National Fire Protection Association drops ban on glass boarding bridges

U.S. airports can now use more aesthetically pleasing building-to-plane links.

December 04, 2015 |
National Fire Protection Association drops ban on glass boarding bridges

Photo: Leonard G./Wikimedia Commons

The National Fire Protection Association has dropped its ban on glass boarding bridges. Most airports can now use bridges built using glass, opening up a new experience for air travelers.

Glass bridges are expected to be adopted widely by local safety officials throughout the country and provide a fresh alternative to airport designers, said Randy Pope, chairman of the NFPA task force that recommended dropping the ban on glass.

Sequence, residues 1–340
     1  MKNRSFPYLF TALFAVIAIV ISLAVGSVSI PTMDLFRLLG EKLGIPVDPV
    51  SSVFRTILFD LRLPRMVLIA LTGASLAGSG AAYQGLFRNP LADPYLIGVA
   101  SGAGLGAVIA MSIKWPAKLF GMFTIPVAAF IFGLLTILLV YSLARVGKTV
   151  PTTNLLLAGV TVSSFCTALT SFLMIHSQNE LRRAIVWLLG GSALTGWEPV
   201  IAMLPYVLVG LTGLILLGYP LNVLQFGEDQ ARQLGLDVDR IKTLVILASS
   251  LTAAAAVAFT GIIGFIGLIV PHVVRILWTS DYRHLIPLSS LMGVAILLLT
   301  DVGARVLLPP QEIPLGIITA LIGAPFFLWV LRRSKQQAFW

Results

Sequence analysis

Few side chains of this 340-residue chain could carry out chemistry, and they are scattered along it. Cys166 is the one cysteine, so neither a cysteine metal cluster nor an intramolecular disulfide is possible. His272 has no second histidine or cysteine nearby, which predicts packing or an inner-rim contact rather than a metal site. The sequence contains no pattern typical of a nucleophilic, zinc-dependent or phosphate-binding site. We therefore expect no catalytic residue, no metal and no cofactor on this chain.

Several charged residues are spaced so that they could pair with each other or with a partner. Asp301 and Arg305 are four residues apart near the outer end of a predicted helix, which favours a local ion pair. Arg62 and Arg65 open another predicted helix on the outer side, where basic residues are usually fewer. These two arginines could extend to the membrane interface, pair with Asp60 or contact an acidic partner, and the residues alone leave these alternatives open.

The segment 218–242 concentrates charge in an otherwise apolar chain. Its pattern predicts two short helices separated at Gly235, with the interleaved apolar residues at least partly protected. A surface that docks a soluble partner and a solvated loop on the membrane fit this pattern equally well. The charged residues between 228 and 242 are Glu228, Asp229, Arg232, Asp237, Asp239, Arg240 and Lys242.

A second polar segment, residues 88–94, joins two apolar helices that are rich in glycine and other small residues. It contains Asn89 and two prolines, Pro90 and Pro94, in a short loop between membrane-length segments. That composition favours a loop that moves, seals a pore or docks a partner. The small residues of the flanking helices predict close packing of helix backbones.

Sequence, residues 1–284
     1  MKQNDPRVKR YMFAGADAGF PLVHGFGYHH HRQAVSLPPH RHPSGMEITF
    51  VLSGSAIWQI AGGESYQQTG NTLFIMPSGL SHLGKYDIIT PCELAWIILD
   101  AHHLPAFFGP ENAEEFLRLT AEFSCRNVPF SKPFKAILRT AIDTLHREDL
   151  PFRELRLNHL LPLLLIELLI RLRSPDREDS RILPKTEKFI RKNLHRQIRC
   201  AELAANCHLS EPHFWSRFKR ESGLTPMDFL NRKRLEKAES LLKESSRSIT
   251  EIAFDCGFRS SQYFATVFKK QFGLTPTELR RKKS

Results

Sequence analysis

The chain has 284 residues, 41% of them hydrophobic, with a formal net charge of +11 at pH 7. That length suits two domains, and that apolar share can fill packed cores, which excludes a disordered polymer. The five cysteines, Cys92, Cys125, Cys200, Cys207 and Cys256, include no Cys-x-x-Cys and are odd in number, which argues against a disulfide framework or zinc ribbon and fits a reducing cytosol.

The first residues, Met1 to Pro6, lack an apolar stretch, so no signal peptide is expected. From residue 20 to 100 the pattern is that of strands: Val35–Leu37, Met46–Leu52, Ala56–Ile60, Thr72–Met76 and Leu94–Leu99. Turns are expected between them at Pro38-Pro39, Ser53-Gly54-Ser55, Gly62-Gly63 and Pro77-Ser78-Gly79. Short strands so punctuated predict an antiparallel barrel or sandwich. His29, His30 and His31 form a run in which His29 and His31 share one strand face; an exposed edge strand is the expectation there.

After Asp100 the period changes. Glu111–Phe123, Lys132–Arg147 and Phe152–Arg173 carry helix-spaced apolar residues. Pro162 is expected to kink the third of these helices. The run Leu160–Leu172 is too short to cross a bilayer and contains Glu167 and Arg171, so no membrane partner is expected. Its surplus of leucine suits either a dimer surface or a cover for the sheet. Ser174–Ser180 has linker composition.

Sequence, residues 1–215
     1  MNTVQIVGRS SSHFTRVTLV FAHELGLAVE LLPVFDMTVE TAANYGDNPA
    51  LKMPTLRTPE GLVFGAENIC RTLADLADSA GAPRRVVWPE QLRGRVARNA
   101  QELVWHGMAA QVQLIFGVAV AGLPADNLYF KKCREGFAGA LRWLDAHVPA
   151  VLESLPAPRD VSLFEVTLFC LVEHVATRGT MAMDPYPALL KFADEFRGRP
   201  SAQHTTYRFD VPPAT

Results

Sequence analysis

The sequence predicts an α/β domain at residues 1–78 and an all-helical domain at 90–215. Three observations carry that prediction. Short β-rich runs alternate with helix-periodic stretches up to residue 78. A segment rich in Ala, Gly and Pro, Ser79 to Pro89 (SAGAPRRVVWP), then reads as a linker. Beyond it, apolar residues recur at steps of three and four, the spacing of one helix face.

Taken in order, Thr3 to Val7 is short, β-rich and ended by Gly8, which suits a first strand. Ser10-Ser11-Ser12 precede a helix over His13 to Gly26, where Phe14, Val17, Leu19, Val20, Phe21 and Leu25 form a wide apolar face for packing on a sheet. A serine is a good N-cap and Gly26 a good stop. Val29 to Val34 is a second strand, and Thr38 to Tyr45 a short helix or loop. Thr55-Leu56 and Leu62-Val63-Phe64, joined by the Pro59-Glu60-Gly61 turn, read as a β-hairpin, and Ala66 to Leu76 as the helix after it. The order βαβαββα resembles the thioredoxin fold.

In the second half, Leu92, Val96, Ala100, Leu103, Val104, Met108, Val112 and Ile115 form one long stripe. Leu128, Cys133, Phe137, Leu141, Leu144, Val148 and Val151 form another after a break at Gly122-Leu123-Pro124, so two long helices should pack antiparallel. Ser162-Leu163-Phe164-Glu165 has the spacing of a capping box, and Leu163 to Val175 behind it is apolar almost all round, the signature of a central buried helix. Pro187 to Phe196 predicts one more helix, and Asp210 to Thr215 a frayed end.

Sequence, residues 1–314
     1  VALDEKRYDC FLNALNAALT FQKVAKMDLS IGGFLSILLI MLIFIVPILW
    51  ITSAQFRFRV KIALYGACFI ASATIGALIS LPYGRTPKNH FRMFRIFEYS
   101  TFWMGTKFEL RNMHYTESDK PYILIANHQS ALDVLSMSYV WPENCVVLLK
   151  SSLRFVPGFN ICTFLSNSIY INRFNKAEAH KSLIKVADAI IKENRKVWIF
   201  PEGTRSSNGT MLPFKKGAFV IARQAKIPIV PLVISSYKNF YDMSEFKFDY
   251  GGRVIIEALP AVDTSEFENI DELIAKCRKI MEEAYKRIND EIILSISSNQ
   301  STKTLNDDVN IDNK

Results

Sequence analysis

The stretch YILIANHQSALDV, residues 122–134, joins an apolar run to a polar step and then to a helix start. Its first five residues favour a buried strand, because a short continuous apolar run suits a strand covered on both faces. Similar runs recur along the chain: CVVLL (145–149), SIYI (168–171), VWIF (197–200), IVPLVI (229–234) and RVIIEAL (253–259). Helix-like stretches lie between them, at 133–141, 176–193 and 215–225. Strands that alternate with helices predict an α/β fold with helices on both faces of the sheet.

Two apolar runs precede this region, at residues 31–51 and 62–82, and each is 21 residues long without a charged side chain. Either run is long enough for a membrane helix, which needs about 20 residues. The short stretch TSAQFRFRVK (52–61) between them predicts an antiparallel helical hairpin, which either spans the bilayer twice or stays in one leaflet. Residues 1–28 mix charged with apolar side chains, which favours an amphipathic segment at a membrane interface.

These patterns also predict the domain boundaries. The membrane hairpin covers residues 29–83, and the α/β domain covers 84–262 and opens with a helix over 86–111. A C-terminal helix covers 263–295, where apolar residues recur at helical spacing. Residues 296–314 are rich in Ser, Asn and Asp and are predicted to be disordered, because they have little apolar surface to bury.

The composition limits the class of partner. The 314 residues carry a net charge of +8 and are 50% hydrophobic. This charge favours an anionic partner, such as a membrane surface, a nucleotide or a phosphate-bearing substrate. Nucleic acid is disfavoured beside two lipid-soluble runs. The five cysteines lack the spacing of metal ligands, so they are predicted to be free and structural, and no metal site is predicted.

Previously, the only glass endorsed for use in boarding bridges by the NFPA code was limited to the control cab, from which the operator positions the bridge at the aircraft.

“In Europe and Canada, they’ve used glass boarding bridges for years because they offer great views and are much more aesthetically pleasing than the boxes that are prevalent at U.S. airport terminals,” Pope said. “While glass can be more expensive, it has significant environmental advantages, so I think it will receive more consideration right away."

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